Defining Shady Shores

Defining Shady Shores

By Olive Stephens

After 19 terms and 48 years serving Shady Shores, the woman who helped settle the town decided it was time for a break.
In early 2011, Olive Stephens stepped down as mayor of Shady Shores, but only because her age was catching up with her. At 94, Stephens had almost single handedly made the town what it has become in modern years.

Now, approaching 100 years old, Stephens makes her home a rehab center in Corinth, but that definitely doesn’t stop her from identifying with the place she loves best.

“It is always great to see your name and picture in the newspaper,” she said in a recent interview. “It made me feel like people noticed the things that got accomplished.

“All the awards and recognition I got right after retiring from the mayor’s job really was a thrilling experience. But that is all over now and I’ve got a lot of wonderful memories as well as the satisfaction of seeing my town grown in an orderly fashion.”
Shady Shores was incorporated in 1960, and Stephens was paramount in that, said Mindy Grimes, a longtime resident. In the 1920s, the area was a little fishing camp with about 10 wood-shingle cabins on the north shore of Lake Dallas. In the 1930s, many of them were demolished and permanent homes built in their stead.

Stephens’ husband Fred was born and raised in Shady Shores. He and Grimes’ husband’s great uncle used to fish together. Olive moved to the area
in 1957.

“It’s kind of difficult to talk about Shady Shores without talking about [Stephens],” Grimes said. “Basically she gave birth to the town. When they moved out here there was nothing but a fishing camp. They kind of founded the organization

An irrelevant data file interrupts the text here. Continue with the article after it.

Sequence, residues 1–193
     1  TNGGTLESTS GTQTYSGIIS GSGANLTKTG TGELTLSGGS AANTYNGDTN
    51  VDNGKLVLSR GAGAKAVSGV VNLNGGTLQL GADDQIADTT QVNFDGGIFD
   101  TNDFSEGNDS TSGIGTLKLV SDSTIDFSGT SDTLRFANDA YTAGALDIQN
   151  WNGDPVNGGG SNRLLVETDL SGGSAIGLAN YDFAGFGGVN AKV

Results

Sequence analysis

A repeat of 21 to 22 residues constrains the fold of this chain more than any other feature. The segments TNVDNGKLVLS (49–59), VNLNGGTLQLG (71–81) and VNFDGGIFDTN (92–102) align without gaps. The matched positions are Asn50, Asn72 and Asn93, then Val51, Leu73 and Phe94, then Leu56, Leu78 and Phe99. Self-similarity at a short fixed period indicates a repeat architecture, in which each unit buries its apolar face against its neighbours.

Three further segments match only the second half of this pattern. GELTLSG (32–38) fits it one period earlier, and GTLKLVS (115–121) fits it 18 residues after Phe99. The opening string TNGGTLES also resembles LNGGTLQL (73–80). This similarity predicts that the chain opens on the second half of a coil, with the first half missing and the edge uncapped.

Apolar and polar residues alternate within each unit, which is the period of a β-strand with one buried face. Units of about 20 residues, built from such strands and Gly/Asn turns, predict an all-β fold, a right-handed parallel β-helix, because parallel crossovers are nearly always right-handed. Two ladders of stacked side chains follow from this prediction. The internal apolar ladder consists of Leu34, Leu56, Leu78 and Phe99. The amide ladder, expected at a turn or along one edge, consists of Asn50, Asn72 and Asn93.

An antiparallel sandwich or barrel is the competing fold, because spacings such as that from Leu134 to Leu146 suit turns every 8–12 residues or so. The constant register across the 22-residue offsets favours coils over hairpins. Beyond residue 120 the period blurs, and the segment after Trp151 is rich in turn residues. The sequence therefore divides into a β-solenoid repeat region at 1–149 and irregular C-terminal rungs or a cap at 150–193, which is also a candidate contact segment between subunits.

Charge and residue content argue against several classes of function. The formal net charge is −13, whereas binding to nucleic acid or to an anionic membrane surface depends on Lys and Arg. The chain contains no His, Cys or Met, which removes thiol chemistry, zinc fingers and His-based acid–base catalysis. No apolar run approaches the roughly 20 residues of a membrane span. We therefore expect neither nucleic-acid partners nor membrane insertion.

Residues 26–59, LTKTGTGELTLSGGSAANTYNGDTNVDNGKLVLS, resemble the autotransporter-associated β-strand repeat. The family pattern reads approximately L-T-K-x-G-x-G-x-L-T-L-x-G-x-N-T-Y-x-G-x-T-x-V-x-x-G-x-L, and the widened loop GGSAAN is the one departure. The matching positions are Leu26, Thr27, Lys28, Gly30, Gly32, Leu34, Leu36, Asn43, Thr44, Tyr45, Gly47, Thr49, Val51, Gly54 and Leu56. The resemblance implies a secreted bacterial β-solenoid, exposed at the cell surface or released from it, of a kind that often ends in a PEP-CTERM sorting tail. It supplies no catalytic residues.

of the town.”

Born in Clayton in Panola County in 1916, there was no high school so in 1930, her parents and three younger siblings moved to Marshall. During the Great Depression, Stephens worked at a beauty salon.

After graduation, Stephens moved to Henderson and in 1935 she married Clyde Cecil Carter. During World War II, the family moved to Dallas for Clyde’s work. The two divorced in 1944 and Olive married Fred Stephens in 1950.

The Stephens’ once operated a general store in town and that was where they began to hold town meetings.

“I think that’s what drove her to do everything,” Grimes said. “I guarantee you there is nothing about the town that she has forgotten. That was pretty much all she did.”

Stephens brought the 9-1-1 service to Shady Shores. It wasn’t until 2000 that the town had to levy taxes. Stephens organized pancake breakfasts, ceramics classes, garage sales and Friday night dominoes to subsidize town income. When she left office, the town had money in the bank and zero debt.

She also led the charge to get a new fire truck for the town, collecting $2,100 for a down payment. Through her fundraising work, the town was able to build a community center and pay for it in cash.

“She truly is like a pioneer kind of person,” Grimes said. “She just takes whatever circumstances are in front of her and she just barrels right through them.”

Olive Stephens Elementary School was named for the beloved ex-mayor when it opened in 2008. To honor her, Shady Shores residents designed and built Olive’s Garden.

Her legacy continues through her two children, 7 grandchildren and several great grandchildren.

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